Director of programs and grants
Golden Anniversary Letter, June
As Humanities Montana celebrates our 50th anniversary, we are honored to hear from previous board members and friends from across the state. This month, Kim Anderson, director of programs and grants, reflects on her 23 years with Humanities Montana. Kim retires on June 30, 2022, after a long career of serving the humanities throughout the state. Kim is most known for starting the Montana Festival of the Book and for the support and counsel she has provided Humanities Montana’s grant recipients over the years.
No one is happier to celebrate Humanities Montana’s 50th birthday than I am. It’s hard to believe that I’ve been on the staff of Humanities Montana for nearly half those years; they’ve passed so quickly and been filled with so many life-changing moments.
I was hired, initially, to create the Montana Festival of the Book. I didn’t really know what a book festival was, but I had worked in publishing, I knew authors (I was about to marry one), and I loved to read. It sounded like a wonderful adventure, and I will always be grateful to Mark Sherouse, the director of the Montana Committee for the Humanities, for taking a risk on me. For 15 years, I witnessed the graciousness and generosity and talent of writers and readers. I treasure the night that Rick Bass and the alt-folk band Stella Rondo set up a living room on the stage of the Wilma Theatre and enthralled a packed house, and how at the end of the evening a few hard-core fans and Rick and the band gathered in front of the Wilma—at midnight with a full moon—and Rick read the children’s classic, Goodnight Moon. I shake my head in amazement that, several years later, we thought we could put together an orchestra with vocal soloists to perform the oratorio of The Heartsong of Charging Elk, based on the novel by James Welch and composed by Wayne Horowitz, who spoke with Lois Welch before the performance. In fact, we could—and it was amazing. The list of authors who leapt at the chance to celebrate literature with us, and the enthusiasm and loyalty of the audiences, moved me every year.
Once I began working as program officer, and then director of programs and grants, every day was an education; every day brought new, exciting possibilities and people. Helping Montanans book humanities programs and write grants put me in touch with hundreds and hundreds of community leaders, teachers, organizers, and volunteers across the state. These people, and the conversation leaders, the scholars and facilitators who love nothing more than to travel hundreds of miles to meet with small groups of people or classrooms to discuss issues that really matter, whether it’s media literacy, contemporary issues, or the many cultural threads that enrich Montana—these are the people who give me hope for the future.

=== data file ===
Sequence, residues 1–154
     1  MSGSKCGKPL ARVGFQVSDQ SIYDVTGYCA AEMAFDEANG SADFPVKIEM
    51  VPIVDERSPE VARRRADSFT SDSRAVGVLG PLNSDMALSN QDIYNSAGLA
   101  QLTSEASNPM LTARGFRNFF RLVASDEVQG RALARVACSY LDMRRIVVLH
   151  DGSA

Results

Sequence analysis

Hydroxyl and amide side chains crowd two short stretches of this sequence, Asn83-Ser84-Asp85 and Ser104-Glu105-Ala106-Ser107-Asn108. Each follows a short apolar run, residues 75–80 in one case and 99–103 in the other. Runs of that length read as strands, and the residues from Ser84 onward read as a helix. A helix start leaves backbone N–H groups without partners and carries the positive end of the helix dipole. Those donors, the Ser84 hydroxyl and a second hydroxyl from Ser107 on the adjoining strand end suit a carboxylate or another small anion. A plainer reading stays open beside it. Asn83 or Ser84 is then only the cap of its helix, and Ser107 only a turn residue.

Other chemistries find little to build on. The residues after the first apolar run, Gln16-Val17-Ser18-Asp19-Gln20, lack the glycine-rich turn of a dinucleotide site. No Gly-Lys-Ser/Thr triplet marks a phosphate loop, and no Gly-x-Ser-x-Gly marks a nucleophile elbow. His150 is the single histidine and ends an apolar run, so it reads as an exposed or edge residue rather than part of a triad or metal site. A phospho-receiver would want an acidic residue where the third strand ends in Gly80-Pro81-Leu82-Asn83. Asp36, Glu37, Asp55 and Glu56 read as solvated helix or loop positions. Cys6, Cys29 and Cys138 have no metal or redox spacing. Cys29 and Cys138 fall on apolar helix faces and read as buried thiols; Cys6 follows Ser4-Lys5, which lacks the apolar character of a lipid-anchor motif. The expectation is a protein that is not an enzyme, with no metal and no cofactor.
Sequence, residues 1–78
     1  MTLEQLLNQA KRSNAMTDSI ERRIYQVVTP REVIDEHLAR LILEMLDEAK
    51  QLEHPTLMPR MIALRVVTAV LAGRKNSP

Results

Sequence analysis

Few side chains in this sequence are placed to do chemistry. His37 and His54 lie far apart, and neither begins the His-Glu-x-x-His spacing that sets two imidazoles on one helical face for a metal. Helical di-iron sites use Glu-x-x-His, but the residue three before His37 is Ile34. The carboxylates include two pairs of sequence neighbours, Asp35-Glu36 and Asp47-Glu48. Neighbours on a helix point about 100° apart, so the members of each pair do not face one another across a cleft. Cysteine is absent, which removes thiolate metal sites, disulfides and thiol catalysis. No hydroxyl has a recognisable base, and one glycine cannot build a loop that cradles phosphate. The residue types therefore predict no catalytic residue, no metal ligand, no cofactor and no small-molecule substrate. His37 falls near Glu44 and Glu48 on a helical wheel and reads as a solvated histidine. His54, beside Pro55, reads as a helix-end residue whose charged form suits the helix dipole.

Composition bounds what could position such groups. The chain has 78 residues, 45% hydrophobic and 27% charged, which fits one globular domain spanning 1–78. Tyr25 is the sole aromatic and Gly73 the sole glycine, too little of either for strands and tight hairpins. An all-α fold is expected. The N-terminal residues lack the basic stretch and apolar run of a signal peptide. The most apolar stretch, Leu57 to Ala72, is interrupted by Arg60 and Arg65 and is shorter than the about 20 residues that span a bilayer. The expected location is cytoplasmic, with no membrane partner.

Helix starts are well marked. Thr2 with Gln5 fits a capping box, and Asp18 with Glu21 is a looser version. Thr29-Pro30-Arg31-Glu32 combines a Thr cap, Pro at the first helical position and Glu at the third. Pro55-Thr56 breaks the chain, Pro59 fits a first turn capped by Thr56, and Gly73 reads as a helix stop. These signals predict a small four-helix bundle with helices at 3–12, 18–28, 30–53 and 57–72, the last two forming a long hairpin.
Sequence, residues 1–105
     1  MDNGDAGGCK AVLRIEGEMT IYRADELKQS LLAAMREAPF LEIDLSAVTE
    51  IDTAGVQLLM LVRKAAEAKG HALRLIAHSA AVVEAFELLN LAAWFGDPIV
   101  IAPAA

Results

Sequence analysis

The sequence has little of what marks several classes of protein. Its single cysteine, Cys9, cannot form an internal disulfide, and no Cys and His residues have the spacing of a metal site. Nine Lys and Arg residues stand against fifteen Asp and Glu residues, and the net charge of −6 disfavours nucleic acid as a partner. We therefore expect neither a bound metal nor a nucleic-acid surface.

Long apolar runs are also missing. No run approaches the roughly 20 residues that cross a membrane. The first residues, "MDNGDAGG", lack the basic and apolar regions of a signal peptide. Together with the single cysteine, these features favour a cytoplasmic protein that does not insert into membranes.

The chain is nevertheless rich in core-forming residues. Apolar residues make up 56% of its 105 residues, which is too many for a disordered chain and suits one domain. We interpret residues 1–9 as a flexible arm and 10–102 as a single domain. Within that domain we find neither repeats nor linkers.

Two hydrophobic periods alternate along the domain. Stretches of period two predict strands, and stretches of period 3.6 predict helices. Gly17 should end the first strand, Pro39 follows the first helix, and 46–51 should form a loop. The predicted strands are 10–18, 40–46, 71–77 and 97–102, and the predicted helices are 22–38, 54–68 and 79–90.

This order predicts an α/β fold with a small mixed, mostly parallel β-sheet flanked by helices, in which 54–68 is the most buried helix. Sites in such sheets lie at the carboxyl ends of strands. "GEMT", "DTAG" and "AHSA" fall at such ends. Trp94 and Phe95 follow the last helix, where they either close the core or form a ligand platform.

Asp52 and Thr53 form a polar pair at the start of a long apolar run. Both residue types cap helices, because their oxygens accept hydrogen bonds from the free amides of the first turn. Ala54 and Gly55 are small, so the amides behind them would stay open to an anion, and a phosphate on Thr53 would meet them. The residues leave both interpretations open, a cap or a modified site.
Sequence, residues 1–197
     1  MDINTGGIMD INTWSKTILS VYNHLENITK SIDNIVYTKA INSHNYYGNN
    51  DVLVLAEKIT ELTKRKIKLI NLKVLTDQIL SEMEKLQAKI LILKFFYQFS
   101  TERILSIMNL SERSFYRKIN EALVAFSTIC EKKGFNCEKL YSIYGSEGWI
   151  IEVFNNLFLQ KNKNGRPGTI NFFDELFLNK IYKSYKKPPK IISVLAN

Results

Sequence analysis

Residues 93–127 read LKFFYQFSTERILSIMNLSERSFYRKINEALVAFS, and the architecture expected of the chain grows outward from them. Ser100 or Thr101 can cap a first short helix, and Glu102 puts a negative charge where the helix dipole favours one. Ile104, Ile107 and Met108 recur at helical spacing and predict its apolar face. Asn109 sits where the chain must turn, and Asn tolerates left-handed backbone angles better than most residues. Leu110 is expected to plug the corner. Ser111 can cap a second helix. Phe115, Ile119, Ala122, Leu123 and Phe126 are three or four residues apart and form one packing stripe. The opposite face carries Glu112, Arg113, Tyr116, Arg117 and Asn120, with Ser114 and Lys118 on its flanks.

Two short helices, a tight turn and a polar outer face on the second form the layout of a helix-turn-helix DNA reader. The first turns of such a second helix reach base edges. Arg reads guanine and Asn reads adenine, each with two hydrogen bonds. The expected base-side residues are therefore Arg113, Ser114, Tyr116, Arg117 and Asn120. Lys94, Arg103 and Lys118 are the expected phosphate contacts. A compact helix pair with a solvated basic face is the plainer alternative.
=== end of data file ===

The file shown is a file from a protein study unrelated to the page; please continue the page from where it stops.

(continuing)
Time and time again, communities have shown up to have the conversations that were important to them—in Dillon, we talked about water rights; in Livingston and Eureka, we talked about the inequities, opportunities, and challenges involved in being a tourist destination; in Miles City, we shared fears about losing an agricultural identity; in Sidney, we discussed the boom-and-bust cycle. Everywhere I’ve traveled for Humanities Montana, I’ve been so moved by the thoughtfulness and commitment of people who want to make their special place better. That’s always been a huge part of what sustains me in this work.
And of course the people I’ve spent the most time with, the staff and board members of this organization: I’ve never known a harder working group of people. I’ve learned so much from my colleagues and from the incredible group of volunteers who have led this organization by serving on our board—scholars, ranchers, librarians, business owners, nonprofit leaders, and university presidents—busy people who believe enough in the power of the humanities to donate their time and energy and ideas.
I’m pretty sure I have the best job in Montana. I’m so grateful for the opportunity to serve my state. Every day for 23 years, I’ve been humbled by the great hearts and minds that keep our communities vital and caring and thriving. Every day, I’ve been challenged. Every day has been a blast.
Thank you, Humanities Montana!
Director of programs and grants